Do you know about rhythmic gymnastics?

Natalie Cohen

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We all know about gymnastics. The sport that has a balance beam, uneven bars, and young ladies wearing shiny leotards. But do you know about rhythmic gymnastics? One of the sports that require the most commitment, precision, perfection, technique, and self-discipline?

Rhythmic gymnastics is an Olympic sport that incorporates gymnastics, ballet, different styles of dance, and apparatuses. The apparatuses in this sport are ball, hoop, clubs, ribbon, and rope. There are ten difficulty levels. The “perfect” score is easily affected by a slight fault or slip.  

Andrea Colón, 10th grader, competed in this sport for 10 years. She would practice for 4-7 hours, 6 times a week, and have a competition every 3 months. By performing this sport, she learned about commitment and discipline.  Being so passionate about rhythmic gymnastics made her want to help younger gymnasts after she finished her practice. 

Andrea eventually decided to retire from competing and become a coach. She’s currently working 4-7 hours, 6 days a week training about 20 girls in levels 3, 4, and 5.

Andrea finds it hard to structure her students and give them discipline, but her favorite part about coaching is when the gymnasts are loving what they’re doing and appreciate the corrective criticism. Coaching girls that represent Puerto Rico makes her feel joy when her gymnasts are performing. “It’s the best feeling, I don’t even know how to explain it, it makes me so happy!” Her years of competing, practicing, and being under constant pressure are now being shown as she puts everything she has on these girls that want to be like her.

At the beginning of March, Andrea went to her first competition as a coach. Andrea’s good teaching skills are seen in competitions. At only 15, she has had girls make it to the 3 level podium after a competition.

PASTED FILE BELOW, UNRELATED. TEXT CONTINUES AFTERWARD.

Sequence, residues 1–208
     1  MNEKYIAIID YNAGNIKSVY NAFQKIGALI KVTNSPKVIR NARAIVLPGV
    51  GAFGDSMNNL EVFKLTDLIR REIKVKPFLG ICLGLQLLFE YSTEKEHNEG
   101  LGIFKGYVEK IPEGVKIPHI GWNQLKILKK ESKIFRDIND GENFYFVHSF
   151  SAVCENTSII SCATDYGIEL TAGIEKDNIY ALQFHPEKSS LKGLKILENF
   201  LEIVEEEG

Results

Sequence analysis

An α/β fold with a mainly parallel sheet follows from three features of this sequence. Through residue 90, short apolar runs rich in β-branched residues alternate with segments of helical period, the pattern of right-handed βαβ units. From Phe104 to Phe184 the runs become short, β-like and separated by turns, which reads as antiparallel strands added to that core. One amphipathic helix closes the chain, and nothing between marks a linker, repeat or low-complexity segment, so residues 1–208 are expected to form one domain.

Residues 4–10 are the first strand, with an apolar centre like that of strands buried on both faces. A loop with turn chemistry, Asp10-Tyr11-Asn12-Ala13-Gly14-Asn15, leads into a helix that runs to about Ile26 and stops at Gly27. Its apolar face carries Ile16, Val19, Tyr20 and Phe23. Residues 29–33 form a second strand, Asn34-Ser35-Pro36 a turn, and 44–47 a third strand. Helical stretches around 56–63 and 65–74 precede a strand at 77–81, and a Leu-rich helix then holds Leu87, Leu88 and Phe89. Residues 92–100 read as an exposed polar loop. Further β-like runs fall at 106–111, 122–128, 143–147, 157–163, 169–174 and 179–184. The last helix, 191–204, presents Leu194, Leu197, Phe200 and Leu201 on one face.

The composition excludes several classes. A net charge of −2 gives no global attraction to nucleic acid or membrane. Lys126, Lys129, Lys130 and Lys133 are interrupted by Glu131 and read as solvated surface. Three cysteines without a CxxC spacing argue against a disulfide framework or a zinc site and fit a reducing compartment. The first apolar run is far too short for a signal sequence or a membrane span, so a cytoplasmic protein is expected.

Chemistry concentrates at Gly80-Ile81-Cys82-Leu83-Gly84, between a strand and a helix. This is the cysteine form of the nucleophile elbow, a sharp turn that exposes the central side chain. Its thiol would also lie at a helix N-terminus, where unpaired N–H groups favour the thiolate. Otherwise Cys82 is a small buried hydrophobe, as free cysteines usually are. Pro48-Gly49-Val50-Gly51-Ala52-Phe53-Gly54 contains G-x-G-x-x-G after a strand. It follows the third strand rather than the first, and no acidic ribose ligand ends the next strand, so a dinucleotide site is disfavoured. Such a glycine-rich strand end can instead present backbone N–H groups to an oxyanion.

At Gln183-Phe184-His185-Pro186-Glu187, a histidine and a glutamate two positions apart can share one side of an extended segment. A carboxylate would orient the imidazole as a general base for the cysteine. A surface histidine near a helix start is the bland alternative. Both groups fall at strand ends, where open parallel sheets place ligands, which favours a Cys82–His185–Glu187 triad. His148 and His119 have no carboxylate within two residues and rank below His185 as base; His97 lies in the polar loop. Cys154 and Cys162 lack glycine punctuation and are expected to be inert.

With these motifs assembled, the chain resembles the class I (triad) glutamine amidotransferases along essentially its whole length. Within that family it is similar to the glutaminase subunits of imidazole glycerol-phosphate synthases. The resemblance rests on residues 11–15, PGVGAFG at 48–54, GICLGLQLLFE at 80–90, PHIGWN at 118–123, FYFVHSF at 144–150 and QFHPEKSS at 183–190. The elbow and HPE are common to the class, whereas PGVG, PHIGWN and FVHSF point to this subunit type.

Because Andrea travels so much as an athlete and as a coach and because she does not have much time to study, she has had to learn to better organize the little time she has left. Besides gaining time management skills and not procrastinating, she appreciates Saint John’s School for everything they have done. “I’m really fortunate to have been in Saint John’s since I was very little because they’ve recognized how hard the training hours are. I haven’t taken PE since the third grade and used that time to study. I’ve always had a study hall which I’ve learned to use wisely. Also, I’ve gotten used to going to sleep really late studying. Even though I don’t train anymore, I still work the same amount of hours which I trained as a gymnast, so I still have limited time to study.”

        In the future Andrea wants to become a physiatrist (Physical Medicine and Rehabilitation physicians) and help USA gymnastics. She also wants to research more effective training methods and continue to coach, judge, and choreograph routines. Rhythmic Gymnastics is Andrea’s greatest passion.